Current Projects

  • Air Force Office of Scientific Research

    Pyrolysis and Oxidation studies of Real Jet Fuels.

    The aim of this study is to provide experimentally determined concentrations of intermediate chemical products of the pyrolysis and oxidation of currently used military jet fuels as a function of temperature and pressure. These values are expected to serves as inputs into emerging models for fuel combustion that have taken advantage of the observation that within a given combustion reaction, there is a separation in time, temperature, and position within a combustion chamber between the pyrolysis process pathways—which can be lumped together for kinetics modeling—and the onset of oxidation. This two‐stage or hybrid approach allows the modeling of both pyrolysis and oxidation to be simplified, which can then lead to greater applicability of these predictive models for actual fuels. Fuels to be considered include JP‐8 (Categories A‐1, A‐2, A‐3), Jet A, Jet A‐1, JP‐7, RP‐2 and JP‐10, available from the Air Force Research Laboratory. Species from the pyrolysis reactions to be detected, identified, and quantified will include the stable intermediates methane (CH4), ethylene (C2H4), propene (C3H6), iso‐ butene (i‐C4H8), 1‐butene (1‐C4H8) and the secondary species acetylene (C2H2), ethane (C2H6), C5, C6 and C7 alkenes, benzene (C6H6), toluene (C7H8), and xylene isomers (C8H10). The chemical kinetics of real military fuels will be studied in the context of the hybrid model of lumped pyrolysis and detailed (foundational) oxidation chemistry over a wider range of propulsion fuels, pressures, and intermediate species than in previous studies. Such new studies are made possible by the well‐established and proven UIC Single Pulse Shock Tubes. Experiments will be conducted over the pressure range of 15‐100 bar, a temperature range of 1100‐1400K, and a nominal reaction time of 2 milliseconds.


  • Army Research Office

    A New Approach to the Combustion Chemistry of Low Cetane Number Jet Fuels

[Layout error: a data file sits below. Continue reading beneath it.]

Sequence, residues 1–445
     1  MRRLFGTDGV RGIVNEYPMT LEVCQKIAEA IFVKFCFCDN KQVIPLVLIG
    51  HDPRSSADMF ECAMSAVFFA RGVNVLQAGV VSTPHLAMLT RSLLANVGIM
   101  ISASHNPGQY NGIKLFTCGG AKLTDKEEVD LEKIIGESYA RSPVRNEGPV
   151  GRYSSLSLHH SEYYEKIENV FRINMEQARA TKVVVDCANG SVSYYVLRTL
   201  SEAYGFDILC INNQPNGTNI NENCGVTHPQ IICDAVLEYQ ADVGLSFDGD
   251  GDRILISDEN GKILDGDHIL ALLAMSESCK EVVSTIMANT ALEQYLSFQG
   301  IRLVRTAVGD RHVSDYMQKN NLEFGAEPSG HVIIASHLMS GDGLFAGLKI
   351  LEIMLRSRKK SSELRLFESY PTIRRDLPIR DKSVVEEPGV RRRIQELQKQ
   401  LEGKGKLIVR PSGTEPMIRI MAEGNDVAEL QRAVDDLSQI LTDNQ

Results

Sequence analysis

The Army’s “Single Fuel Forward” initiative mandates that when logistically necessary, diesel engines must be able to use a jet fuel, JP-8, instead of standard diesel fuel. However, JP-8 from conventional feed stocks is not the only type of “JP-8” that the Army may have to accommodate. Up to 50% of a fuel meeting JP-8 specifications may be composed of synthetic alternatives such Sasol IPK, Shell SPK, Gevo ATJ, and Synthroleum R-8. While such fuels generally have acceptable derived cetane numbers (DCN) to prevent diesel engine operating problems or damage, two of them represent a class of low cetane number JP-8 alternatives that could cause problems: Sasol IPK (DCN 31) and Gevo ATJ (DCN 16). Because conventionally sourced JP-8 itself does not have strictly controlled cetane specifications, a lower DCN JP-8 might be mixed in the field with these low cetane number JP-8 alternatives, compounding the problem.

    The work will produce both experimental data and models. The data will be presented as mole fractions or normalized mole fractions plotted with respect to temperature at a given pressure, nominal reaction time, and equivalence ratio, and will have the following features:

    a) multiple stable species identified and quantified, including low temperature chemistry oxygenates revealed by GCxGC analysis, as well as high temperature reaction products.
    b) oxidation (equivalence ratios 0.8-3.0) conditions over the time range of 1-20 msec.
    c) pressure range 50-300 bar as needed for a temperature range of 700-1000K.
    d) fuels: heptane, isooctane, JP-8 (CN = 45), Sasol IPK, Gevo ATJ and their 50/50 mixtures with JP-8.

  • Army Research Lab

    Chemical Identifiers of Army Relevant Fuels